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Daiquiri cocktail in a coup glass. Photo by: Ivano Piva/REDA&CO/Universal Images Group via Getty Images

Forget the Mojito — Order a Daiquiri Instead

When in Miami, skip the city’s iconic drink

Almost every time I entertain friends and family visiting Miami, I will inevitably get asked at some point during their stay, “where can I get a good mojito?”

The iconic Cuban cocktail is made with rum, sugar, lime, soda water, and tons of muddled mint. It initially rose to popularity thanks to Ernest Hemingway, who made it his drink of choice during the early 20th century during his stays in Florida and Cuba. Many don’t know that the drink was actually first created as a concoction meant to cover the flavor of “crude spirits,” as more refined, better-tasting spirits weren’t readily available. As times and tastes evolved and the Cuban community expanded here in South Florida, the cocktail became a “signature” Miami drink found on menus citywide and is still the most popular cocktail served in Cuba today.

But the issue with mojitos is with their execution, which, more often than not, is poor, resulting in a cocktail that is overly sweet and loaded with barely muddled mint, making it nearly impossible to drink. And I’m not the only person annoyed by this cocktail that is so tied to the 305. I’m about to let you in on a little secret: Bartenders absolutely loathe making mojitos as it is a labor and time-intensive process.

So what to sip on in its place? Opt for another classic Cuban cocktail: the daiquiri made with good Cuban rum, sugar, and lime juice that’s shaken — not frozen — and strained into a chilled coupe glass.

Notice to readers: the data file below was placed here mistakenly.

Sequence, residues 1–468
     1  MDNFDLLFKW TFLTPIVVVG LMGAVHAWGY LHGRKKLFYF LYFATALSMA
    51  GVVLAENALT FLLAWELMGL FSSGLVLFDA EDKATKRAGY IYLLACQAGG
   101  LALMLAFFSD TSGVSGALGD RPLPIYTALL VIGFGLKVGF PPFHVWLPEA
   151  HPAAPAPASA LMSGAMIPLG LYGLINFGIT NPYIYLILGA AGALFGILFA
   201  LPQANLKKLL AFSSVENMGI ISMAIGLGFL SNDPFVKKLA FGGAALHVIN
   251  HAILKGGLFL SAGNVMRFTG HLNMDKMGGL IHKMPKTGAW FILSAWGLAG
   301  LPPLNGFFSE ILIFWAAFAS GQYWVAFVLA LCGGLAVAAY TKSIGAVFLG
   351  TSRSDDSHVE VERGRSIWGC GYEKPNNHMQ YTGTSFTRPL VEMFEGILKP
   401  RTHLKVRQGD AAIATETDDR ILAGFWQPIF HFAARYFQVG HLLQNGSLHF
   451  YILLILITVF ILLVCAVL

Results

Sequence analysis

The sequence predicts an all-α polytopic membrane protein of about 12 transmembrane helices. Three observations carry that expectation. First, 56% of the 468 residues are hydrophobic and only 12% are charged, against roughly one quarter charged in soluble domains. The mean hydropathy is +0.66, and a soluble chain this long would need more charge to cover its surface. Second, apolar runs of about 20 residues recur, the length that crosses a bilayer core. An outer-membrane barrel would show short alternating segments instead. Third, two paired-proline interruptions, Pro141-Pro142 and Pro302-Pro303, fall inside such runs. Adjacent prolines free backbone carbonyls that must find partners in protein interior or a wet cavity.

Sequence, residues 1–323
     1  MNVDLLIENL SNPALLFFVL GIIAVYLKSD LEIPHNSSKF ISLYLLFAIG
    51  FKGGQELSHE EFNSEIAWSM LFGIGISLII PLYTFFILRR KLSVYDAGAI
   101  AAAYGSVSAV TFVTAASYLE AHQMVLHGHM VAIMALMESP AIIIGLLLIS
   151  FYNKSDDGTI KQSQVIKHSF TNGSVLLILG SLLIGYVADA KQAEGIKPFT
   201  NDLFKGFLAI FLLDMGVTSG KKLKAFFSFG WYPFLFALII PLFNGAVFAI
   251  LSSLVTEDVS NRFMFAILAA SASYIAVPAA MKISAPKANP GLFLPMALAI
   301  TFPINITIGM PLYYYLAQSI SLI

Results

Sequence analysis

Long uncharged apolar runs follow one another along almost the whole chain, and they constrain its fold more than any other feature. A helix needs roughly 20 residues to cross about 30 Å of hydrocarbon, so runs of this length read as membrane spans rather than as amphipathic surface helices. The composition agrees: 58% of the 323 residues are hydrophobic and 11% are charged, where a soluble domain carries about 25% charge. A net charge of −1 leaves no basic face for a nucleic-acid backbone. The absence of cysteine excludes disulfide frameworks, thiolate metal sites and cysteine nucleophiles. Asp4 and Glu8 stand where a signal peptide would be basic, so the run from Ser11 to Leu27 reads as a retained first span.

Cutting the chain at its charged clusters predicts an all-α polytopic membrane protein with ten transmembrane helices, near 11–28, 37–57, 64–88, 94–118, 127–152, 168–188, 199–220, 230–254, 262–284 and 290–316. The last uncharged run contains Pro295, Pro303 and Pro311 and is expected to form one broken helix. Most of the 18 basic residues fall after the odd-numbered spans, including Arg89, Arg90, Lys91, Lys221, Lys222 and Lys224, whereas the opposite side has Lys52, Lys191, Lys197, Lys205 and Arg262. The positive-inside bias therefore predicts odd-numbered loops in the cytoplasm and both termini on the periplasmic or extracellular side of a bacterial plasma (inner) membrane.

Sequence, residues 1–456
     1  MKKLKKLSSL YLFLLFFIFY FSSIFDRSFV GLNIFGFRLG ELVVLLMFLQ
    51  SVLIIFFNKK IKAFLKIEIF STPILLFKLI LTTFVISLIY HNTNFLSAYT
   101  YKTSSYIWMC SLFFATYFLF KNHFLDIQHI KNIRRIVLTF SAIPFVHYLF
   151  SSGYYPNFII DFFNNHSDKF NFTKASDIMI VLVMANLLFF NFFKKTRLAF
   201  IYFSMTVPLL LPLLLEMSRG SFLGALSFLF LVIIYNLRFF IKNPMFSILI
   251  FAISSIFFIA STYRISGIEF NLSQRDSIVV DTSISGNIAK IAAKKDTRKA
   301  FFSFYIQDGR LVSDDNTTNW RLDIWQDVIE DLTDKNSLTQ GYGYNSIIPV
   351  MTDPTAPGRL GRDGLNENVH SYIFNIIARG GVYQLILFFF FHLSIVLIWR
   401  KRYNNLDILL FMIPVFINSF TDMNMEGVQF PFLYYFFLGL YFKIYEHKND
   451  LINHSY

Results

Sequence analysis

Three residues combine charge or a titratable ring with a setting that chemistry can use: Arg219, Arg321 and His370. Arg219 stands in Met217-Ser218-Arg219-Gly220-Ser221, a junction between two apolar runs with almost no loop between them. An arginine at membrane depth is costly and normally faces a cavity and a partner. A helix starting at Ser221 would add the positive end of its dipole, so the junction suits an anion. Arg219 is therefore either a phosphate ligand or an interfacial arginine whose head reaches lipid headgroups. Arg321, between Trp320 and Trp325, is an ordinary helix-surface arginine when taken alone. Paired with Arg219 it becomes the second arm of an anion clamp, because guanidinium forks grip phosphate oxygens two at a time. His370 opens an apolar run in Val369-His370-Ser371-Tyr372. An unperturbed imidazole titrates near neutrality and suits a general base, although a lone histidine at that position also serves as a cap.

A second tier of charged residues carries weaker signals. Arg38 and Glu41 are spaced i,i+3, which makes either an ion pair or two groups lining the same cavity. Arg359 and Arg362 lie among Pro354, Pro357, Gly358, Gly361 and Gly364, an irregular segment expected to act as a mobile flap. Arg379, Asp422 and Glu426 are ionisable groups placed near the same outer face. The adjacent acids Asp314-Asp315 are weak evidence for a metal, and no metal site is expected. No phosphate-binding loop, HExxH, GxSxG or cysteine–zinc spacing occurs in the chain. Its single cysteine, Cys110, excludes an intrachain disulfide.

The great thing about the daiquiri is its simplicity (bonus: it’s hard to mess up) and its adaptability. It’s refreshing when made in its traditional form with three ingredients, or it can be morphed into a clever drink variation by adding one or two more items.

For those that are seeking the bright mint flavor sans the annoying mint-stuck-in-your-teeth feeling Mojitos often bring? Then order an Old Cuban, which muddles together the familiar Mojito flavors of rum, mint, and lime, then adds in two dashes of Angostura bitters before shaking the cocktail and then — and this is key — strains the drink, removing those pesky mint leaves but keeping the flavor. The cocktail is then topped with two ounces of champagne to complete the drink. Old Cubans can be found all around town, including stand-out versions at Cafe La Trova and Phuc Yea.

Or give a nod to ‘Papa’ with the Hemingway Daiquiri, which adds grapefruit juice and maraschino liqueur to the classic rum drink. Channel your inner legendary writer and sip one at Swizzle or La Canita.

Either way, next time you’re tempted to order a mojito give a daiquiri a shot instead. If anything, your bartender will thank you for it.

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